We’re also gauging and assessing the perception of employees. According to research from Boston Consulting Group, 96-98% of companies above 1,000 employees have diversity programs, but 75% of the underrepresented employees feel like they do not personally benefit from them. We’re big believers that we want to understand the perception of the employee. You would be shocked how many companies have never asked employees questions around DEI.
What are the limitations of using technology to achieve DEI goals?
Technology is a tool that middle-market companies should definitely utilize, but who are the creators of that technology? They are people. When you have a group of technologists and engineers, a lot of times what you get is technology that doesn’t take into account diverse perspectives. Some of those biases creep into the technology, because all of us have unconscious biases.
One example is facial recognition. As a result of not having diverse creators, there were several times in which facial recognition did not work for Black and Brown individuals who were utilizing that technology. We have to diversify technology used in the AI and machine learning fields.
The second limitation that comes to mind is enabling, and the perception that technology itself is going to solve issues related to diversity and inclusion. We just have to remember that you can utilize technology to identify challenges, but at the end of the day, it is people that utilize those tools. You have to go beyond the tool.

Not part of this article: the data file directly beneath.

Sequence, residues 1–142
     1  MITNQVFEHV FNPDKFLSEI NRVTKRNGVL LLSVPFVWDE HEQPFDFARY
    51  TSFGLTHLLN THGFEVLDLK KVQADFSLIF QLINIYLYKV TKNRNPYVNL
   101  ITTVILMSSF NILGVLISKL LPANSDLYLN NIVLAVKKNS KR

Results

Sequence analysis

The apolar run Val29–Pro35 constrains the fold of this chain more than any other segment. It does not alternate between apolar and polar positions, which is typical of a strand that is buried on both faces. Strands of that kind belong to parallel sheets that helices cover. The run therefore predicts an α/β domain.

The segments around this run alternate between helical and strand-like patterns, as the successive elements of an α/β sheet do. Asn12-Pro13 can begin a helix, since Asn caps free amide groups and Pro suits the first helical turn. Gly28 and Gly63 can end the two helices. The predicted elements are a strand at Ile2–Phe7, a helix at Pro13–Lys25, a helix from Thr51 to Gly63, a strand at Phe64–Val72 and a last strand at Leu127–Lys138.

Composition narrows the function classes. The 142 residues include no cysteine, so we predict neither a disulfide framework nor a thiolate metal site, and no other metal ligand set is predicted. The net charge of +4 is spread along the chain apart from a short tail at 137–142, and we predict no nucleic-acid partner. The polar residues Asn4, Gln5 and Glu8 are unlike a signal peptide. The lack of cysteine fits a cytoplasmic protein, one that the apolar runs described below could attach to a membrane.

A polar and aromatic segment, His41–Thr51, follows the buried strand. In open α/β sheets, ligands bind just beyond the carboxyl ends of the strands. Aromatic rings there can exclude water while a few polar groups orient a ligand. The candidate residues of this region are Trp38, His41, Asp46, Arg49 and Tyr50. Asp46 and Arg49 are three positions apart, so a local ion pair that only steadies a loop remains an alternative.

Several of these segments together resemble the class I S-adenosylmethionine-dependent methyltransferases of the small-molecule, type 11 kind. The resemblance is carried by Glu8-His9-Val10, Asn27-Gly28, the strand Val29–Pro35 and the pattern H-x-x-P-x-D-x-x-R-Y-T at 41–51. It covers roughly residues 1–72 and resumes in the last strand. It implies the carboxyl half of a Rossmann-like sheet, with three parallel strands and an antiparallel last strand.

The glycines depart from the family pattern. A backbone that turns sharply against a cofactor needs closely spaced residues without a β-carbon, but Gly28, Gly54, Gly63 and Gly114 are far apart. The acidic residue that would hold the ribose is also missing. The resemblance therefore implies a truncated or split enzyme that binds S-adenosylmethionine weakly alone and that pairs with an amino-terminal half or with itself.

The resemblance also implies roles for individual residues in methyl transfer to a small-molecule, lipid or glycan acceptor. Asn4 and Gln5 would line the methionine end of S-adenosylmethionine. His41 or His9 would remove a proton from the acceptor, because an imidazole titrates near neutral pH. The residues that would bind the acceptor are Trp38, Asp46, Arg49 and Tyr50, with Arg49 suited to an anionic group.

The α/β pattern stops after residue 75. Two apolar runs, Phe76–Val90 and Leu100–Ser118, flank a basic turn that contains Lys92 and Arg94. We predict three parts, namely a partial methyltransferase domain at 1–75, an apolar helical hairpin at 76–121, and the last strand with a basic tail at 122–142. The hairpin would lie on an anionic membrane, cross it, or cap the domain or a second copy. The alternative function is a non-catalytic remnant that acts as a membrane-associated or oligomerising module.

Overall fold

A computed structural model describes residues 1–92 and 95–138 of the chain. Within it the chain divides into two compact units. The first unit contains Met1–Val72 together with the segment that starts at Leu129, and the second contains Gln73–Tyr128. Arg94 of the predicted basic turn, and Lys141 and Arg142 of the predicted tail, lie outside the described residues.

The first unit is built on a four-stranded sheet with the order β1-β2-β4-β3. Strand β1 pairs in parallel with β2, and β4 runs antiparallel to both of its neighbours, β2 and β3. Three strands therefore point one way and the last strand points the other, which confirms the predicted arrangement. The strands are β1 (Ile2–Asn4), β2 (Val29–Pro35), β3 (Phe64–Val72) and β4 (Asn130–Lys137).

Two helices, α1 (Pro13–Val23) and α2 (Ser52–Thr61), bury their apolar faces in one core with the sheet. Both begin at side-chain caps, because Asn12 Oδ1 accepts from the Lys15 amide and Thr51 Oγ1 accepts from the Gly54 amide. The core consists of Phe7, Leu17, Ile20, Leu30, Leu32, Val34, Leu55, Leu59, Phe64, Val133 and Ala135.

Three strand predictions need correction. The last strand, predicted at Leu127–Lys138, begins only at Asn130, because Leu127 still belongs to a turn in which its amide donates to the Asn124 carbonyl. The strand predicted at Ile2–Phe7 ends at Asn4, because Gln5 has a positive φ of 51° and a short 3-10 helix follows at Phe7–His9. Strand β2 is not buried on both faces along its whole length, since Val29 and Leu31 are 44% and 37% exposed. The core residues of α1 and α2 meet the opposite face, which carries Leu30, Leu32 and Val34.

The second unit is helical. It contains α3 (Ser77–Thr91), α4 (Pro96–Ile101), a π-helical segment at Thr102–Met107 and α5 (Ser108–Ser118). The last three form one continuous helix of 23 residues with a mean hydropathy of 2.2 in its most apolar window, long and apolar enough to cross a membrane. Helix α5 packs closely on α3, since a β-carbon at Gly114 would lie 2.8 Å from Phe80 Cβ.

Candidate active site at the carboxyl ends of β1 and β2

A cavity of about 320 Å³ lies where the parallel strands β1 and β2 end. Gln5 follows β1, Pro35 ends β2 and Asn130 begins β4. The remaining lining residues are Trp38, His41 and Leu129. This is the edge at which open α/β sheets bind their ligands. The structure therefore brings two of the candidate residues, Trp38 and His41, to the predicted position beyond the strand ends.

Are there any dimensions of diversity that tend to get overlooked by companies as they embark on a DEI journey?
Given the recent #MeToo movement, and what I coin as the “racial pandemic” with George Floyd and beyond, there tends to be a focus on race and gender. But there are so many things that go into diversity. When we’re talking to our middle-market companies, we also want them to consider other demographics, like veteran status, and with respect to women—how many of the company’s employees are mothers? How many of them are responsible for elder care? You also have to consider different generations that approach work differently, and LGBTQ and religious minorities who are also factors of diversity.
As we talk to our current clients and to prospects, we recognize that diversity is extremely important, but historically, a lot of companies have only focused on the diversity side. They have to understand the importance of equity and inclusion, which are different.
When I’m talking about equity, I’m talking about fairness—are your policies and procedures fair across your entire workforce? In terms of inclusion, the belonging portion of it means making sure that folks feel like they’re empowered to not only be at the table, but to speak up for the things that are important. Spread your diversity demographics to beyond just race and gender but focus on the equity and inclusion part of DEI as well.